Ford Green Hall - Smallthorne, Stoke-on-Trent, Staffordshire, UK.
Posted by: Groundspeak Premium Member Poole/Freeman
N 53° 03.290 W 002° 10.170
30U E 555663 N 5878692
Quick Description: Ford Green Hall is an historic farmhouse museum located on Ford Green Road in Smallthorne, Stoke-on-Trent.
Location: West Midlands, United Kingdom
Date Posted: 5/10/2020 6:03:29 AM
Waymark Code: WM12EGH
Published By: Groundspeak Premium Member Dorcadion Team
Views: 0

Long Description:
Ford Green Hall is a Grade II* listed farmhouse and historic house museum in Smallthorne, Stoke-on-Trent. The oldest parts of the house date from the late 16th century.

The description given by Historic England reads as follows;
"STOKE ON TRENT, SMALLTHORNE, Ford Green Road (North West side), Ford Green Hall and attached wall and dovecote
Grade II*
Former farmhouse, now museum. Late C16, with one wing added or replaced in early C18. Timber-framed with close studding to ground floor and small panels with lozenge and balustrading decoration above, on stone plinth and with plain tiled roofs. 2-storeyed with attics; plan of hall and two cross wings with baffle entry, the wings dominating. Left-hand wing has large 3-light mullioned window to ground floor, windows of two and three lights in upper storey, jettied on moulded beam with enriched bosses at angles. The attic is also jettied out. Central bay has moulded beam carrying jettied upper section, and a 3-light mullioned window to ground floor, two windows above. Projecting 2-storeyed gabled porch to the right of this bay, with doorway in side wall. Over the inner door is inscribed "Ralph Sutton, Carpenter". Right-hand wing is a brick addition dated on a rainwater head, 1734 with initials H.F., probably replacing an original structure. Chimney in front coped gabled wall, flanked by mullioned and transomed windows. Rear elevation of central section and timber cross wing framed with close studding to ground floor and square panels above with arch and tension bracing. Lower brick range added to SW, dated 1728: a single-storeyed bay now open to the roof, though once with floor and attic.
Adjoining this, a brick garden wall links the house to the dovecote, also early C18, a circular structure with conical plain tiled roof.

INTERIOR of house: internal doorways on ground floor are ogival moulded archways with fleur de lys capping. Deep moulded beam with ogival chamfer stops in central bay. Fireplace in hall taken from Alton Towers. Panelled parlour, the panelling probably inserted in early C18. Two hollow-chamfered beams, carried on corbels. Staircase possibly original, or early C17, with splat balusters and newel posts with acorn caps. Queen-strut roof construction in timber-framed sections, Queen-post and strut in C18 range.
Listing NGR: SJ8873950860" SOURCE: (visit link)


"Ford Green Hall was built in 1624 for Hugh Ford. It is a fine example of a timber-framed farm house. The Ford family lived at the Hall for nearly 200 years. Mr Ford was a yeoman dairy farmer and owned 36 acres of land.
A porch was added around 1630 and brick extensions built in 1728 and 1734. The older building is of wattle & daub manufacture. This was a process using woven twigs and branches together with manure.

In the 19th century after the Ford family left the status of the house declined and it was divided into 3 and later 4 cottages that were occupied by miners.
It was purchased by the council in 1946 and opened as museum in 1952.
The Hall is now an award-winning museum run by a charitable organisation, that offers visitors a fascinating insight into the life of the 17th century. The rooms are furnished with an outstanding collection of textiles, ceramics and furniture." (visit link)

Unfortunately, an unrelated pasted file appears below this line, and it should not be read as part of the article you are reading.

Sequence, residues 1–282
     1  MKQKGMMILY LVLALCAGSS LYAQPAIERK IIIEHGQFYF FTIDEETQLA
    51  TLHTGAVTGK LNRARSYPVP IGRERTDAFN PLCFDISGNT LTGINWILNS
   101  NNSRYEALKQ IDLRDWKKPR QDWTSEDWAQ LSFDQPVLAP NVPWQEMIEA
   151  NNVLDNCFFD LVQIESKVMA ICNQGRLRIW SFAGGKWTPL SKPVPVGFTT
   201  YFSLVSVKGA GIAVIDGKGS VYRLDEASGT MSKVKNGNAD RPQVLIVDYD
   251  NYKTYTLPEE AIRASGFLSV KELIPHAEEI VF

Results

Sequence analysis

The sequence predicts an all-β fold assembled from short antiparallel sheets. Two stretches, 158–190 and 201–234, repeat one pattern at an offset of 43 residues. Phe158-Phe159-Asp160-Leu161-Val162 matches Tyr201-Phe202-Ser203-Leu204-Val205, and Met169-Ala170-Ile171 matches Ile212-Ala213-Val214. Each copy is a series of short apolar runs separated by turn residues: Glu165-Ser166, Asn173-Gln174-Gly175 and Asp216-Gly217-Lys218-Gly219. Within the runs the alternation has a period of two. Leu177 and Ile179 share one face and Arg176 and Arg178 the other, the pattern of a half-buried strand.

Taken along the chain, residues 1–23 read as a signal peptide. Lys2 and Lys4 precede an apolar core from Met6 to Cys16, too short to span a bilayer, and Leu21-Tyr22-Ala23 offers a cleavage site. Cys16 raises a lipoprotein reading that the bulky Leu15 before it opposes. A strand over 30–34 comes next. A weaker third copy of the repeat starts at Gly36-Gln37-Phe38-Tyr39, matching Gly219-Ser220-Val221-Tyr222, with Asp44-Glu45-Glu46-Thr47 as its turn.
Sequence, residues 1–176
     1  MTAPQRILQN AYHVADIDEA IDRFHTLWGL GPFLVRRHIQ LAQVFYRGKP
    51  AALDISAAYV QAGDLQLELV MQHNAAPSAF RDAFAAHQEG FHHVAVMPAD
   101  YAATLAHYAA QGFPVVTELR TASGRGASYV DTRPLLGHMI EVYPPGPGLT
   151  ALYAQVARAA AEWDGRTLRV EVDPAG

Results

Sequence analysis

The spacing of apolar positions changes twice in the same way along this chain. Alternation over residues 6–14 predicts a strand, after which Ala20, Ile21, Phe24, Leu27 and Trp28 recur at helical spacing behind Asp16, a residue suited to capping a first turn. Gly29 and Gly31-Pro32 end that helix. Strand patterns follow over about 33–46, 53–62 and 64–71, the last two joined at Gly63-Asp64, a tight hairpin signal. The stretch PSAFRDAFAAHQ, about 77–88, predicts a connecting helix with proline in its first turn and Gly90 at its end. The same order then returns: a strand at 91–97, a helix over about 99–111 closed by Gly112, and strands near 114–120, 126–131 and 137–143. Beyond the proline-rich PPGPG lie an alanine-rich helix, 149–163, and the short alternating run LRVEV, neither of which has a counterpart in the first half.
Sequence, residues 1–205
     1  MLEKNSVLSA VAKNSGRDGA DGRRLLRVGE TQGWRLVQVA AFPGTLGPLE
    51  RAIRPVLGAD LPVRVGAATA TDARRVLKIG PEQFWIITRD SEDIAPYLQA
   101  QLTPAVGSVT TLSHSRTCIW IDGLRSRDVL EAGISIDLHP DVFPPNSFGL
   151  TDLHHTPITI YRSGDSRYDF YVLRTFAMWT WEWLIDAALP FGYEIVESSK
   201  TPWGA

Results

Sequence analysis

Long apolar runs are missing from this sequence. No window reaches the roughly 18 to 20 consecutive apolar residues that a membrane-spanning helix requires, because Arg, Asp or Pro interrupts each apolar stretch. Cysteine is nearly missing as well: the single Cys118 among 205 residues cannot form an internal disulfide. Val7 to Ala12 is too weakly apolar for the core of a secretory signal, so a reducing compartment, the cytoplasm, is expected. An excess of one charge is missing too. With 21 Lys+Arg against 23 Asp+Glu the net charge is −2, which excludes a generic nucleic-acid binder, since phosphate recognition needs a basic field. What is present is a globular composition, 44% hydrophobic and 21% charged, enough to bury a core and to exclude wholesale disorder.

There is also an 18th-century dovecote in the grounds, which shares the listed building status of the main farmhouse.

The whole of the museum's collection is "Designated Outstanding" by the Arts Council England, recognising it as of world class importance.

The shop and tea room are open to non-museum visitors and there is a free car park available on site.

Open Sunday – Thursday 1:00pm – 4:00pm Last admission to look round the Hall 3:30pm

Prices
£9.00 family admission (2 adults + 2 children)
£3.50 adult admission
£2.50 concessions
£2.50 children aged 5 and over Under 5s free.

(visit link)
(visit link)
(visit link)
Earliest Recorded Date of Construction: 1/1/1624

Additional Dates of Construction:
A porch was added around 1630 and brick extensions built in 1728 and 1734. The older building is of wattle & daub manufacture. This was a process using woven twigs and branches together with manure.


Architectural Period/Style: Tudor Style with a two-bay Georgian addition.

Type of Building e.g. Country House, Stately Home, Manor:
A timber-framed farm house.


Interesting Historical Facts or Connections:
The whole of the museum's collection is "Designated Outstanding" by the Arts Council England, recognising it as of world class importance.


Listed Building Status (if applicable): Grade: II*

Main Material of Construction: Timber framed and brick

Private/Public Access: Public Access

Related Website: [Web Link]

Rating:

Architect (if known): Not listed

Landscape Designer (if known): Not listed

Admission Fee (if applicable): Not Listed

Opening Hours (if applicable): Not listed

Visit Instructions:
Tell us about your visit with any details of interest about the property. Please supply at least one original photograph from a different aspect taken on your current visit.
Search for...
Geocaching.com Google Map
Google Maps
MapQuest
Bing Maps
Nearest Waymarks
Nearest Pre-Victorian Historic Homes
Nearest Geocaches
Nearest Benchmarks
Create a scavenger hunt using this waymark as the center point
Recent Visits/Logs:
There are no logs for this waymark yet.